Dr. Patricia Leonard
On August 5, 2014, allergist Patricia Leonard was traveling with her three children on a United Airlines flight out of Dublin, headed home to Houston via Newark, following a vacation with family in Ireland.
Two hours into the flight, the attendants had cleared away the meal, when she heard the crew’s PA announcement. There was a medical emergency, and any health-care professionals were asked to identify themselves.
Dr. Leonard stepped forward, and within seconds she was up in first class, by the side of a 4-year-old Irish girl who was having an anaphylactic reaction to a cashew. Since the girl had no known food allergies, at first her mother had thought she was choking on the nut. Then her daughter began coughing and throwing up.
“They soon realized she was having an allergic reaction because her lips swelled up, her eyes were swelling shut and she was breaking out in hives all over her body,” says Dr. Leonard.
When the allergist got to the child, she knew immediately that she needed epinephrine – and fast. The crew handed her and an ICU nurse, who also came forward to help, the plane’s big medical bag. It wasn’t the easiest experience.
“We had to go in the bag; we had to fumble through the drugs,” Dr. Leonard recalls. “It had a lot of medicines and was divided up into different areas. I’ve since learned it’s divided up based on oral medicines and IV medicines, but I didn’t know that. The flight attendants gave me a laminated board of all the drugs that were in there, but I couldn’t even read the laminated form – the writing was so small. We just had to go digging through and luckily found the bottle of epinephrine.”
The doctor doesn’t know exactly how long it took to locate the vial, “but in my mind it took longer than it should have taken. If they’d had an auto-injector on board, it would have been so much easier to give the girl the epinephrine as quickly as we could,” she says. “By the time I got her the injection, she was having severe nasal congestion – she couldn’t breathe through her nose – so her symptoms were progressing.” Within minutes of the shot, the girl’s symptoms began to recede.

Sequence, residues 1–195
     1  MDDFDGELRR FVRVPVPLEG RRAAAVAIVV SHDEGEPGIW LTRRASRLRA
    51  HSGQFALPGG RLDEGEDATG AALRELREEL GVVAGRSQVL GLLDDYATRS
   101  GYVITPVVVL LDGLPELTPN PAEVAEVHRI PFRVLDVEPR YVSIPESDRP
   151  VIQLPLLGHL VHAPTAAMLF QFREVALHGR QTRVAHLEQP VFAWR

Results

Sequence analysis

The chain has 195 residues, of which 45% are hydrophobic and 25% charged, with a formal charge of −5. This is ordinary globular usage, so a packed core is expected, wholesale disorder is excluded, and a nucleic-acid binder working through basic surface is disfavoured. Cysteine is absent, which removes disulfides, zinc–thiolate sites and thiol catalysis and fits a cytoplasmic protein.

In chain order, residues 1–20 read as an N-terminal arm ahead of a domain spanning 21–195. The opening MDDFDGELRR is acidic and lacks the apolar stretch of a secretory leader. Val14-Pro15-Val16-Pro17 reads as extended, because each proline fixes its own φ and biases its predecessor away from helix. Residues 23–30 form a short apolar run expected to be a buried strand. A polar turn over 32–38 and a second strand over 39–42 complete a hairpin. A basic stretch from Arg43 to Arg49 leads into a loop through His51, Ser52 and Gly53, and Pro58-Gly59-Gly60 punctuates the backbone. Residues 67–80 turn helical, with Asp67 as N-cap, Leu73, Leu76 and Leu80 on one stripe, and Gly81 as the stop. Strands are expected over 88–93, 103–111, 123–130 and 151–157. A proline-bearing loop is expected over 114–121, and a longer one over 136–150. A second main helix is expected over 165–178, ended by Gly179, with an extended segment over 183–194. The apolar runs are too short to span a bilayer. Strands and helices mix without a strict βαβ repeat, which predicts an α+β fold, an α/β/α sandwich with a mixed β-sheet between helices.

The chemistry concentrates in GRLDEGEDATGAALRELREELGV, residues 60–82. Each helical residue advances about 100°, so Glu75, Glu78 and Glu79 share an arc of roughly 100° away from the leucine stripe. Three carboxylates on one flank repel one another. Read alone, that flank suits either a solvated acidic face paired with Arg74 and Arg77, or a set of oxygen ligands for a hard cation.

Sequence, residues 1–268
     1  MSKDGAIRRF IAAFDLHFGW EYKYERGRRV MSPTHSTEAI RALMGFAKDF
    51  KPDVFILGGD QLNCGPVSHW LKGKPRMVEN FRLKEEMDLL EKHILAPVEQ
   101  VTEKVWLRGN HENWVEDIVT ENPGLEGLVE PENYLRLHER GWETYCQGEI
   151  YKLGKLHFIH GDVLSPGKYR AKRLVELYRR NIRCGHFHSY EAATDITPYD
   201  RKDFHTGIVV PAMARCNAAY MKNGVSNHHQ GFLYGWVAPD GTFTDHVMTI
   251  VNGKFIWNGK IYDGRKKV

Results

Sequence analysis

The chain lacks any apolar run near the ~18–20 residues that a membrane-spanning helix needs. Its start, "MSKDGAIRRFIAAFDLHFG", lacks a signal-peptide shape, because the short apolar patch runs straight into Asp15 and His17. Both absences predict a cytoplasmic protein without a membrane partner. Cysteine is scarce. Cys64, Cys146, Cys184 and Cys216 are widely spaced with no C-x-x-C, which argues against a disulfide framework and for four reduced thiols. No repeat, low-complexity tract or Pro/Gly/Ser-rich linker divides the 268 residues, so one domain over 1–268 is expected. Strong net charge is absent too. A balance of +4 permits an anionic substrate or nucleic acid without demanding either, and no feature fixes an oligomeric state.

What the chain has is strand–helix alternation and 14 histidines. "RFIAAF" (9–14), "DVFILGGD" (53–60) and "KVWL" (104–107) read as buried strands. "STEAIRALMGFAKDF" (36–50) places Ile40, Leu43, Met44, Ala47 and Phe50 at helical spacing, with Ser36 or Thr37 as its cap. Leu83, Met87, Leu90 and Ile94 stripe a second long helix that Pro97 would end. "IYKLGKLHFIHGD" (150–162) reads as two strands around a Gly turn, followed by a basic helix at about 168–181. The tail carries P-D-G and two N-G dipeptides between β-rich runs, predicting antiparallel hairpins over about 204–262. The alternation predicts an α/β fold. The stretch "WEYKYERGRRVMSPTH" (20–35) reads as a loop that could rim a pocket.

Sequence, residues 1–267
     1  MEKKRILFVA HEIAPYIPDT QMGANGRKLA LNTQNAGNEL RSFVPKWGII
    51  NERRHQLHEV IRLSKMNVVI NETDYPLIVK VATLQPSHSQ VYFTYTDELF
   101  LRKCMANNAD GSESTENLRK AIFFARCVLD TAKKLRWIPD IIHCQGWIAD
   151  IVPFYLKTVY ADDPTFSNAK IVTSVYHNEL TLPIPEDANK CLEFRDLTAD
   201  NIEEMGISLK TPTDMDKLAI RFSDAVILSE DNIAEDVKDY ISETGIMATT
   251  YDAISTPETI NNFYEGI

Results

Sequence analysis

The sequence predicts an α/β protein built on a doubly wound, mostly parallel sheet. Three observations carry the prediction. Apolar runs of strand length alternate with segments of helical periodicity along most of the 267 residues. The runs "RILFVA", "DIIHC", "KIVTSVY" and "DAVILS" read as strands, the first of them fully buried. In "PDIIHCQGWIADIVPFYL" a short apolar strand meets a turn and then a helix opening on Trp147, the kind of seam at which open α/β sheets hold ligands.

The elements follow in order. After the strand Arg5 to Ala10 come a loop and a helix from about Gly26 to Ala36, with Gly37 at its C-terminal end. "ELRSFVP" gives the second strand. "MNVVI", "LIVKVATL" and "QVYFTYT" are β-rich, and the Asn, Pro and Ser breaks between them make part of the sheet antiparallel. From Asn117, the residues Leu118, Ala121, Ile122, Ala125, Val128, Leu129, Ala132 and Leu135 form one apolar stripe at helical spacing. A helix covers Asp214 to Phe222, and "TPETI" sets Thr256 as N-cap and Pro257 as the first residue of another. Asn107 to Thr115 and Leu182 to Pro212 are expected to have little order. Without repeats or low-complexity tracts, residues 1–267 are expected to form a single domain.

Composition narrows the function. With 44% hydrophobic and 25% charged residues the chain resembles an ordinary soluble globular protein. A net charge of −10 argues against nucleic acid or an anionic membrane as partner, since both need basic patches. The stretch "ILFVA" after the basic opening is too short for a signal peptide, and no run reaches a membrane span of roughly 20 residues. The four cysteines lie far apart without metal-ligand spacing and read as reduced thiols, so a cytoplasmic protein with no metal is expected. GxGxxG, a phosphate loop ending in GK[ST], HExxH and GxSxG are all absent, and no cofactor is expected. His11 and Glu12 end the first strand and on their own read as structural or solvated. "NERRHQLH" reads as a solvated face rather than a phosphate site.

In the meantime, the crew had contacted the ground medical response center in Phoenix. Given the seriousness of the girl’s reaction, the center and the pilot decided to turn the plane back to Dublin, and received clearance for a high-speed return. (Passengers would later be given hotel and food vouchers, as well airline travel vouchers to compensate for the inconvenience of getting delayed until flights out the next afternoon.)
But the little girl wasn’t out of danger. Despite initially feeling much better from the epinephrine, “about 10 minutes later, her symptoms started recurring again, she started getting congested again, so I had to give her a second dose of epinephrine,” Dr. Leonard says. The flight ended well, with the little girl in stable condition, and being whisked off to the hospital by the EMS. She stayed overnight and was discharged and the family did manage to make their trip to America.
But Dr. Leonard, who works at the Houston ENT & Allergy clinic, tells Allergic Living she was left unsettled by this experience, and concerned that things could have turned out quite differently. She believes it illustrates that airlines need to change their approach to food allergy readiness. To start with, she questions why there are not epinephrine auto-injectors available, noting that the pharmaceutical companies have developed these devices to make it easy for anyone, not just a health professional, to treat someone in an emergency. “If there was on an auto-injector on-board, it would have been so much easier,” she says. “In this day and age of the availability of these devices, I just don’t understand why they’re not on-board.” [Editor’s note: A few carriers do have them.]
A concern that’s stayed with Dr. Leonard is: What if there was not a health-care provider on that plane? How would that child have gotten the epinephrine that she needed to halt a progressing allergic reaction? “I don’t know if this little girl would have died without the medicine, but she could have. We were over two hours into our flight and over the Atlantic Ocean.”
Her view is that it would not have been simple in the midst of this medical emergency for a flight attendant to draw up the medicine in the needle, even with guidance from a ground medical center’s physician. She notes that even doctors who don’t work with food-allergic children would not likely know offhand the correct dose of epinephrine to give a 4-year-old. “It was just ironic that there was a board-certified allergist on that plane,” she says.
She points out the fast rise of the prevalence of food allergy, the “tradition” of allergenic foods like peanuts and nuts on planes and the tendency of airlines to speak more about liability issues than accommodations when it comes food allergy management. “I just think it’s time for change,” says Dr. Leonard. “It’s time to revisit this issue [of food allergy protocols], it’s time to protect the passengers who are traveling.”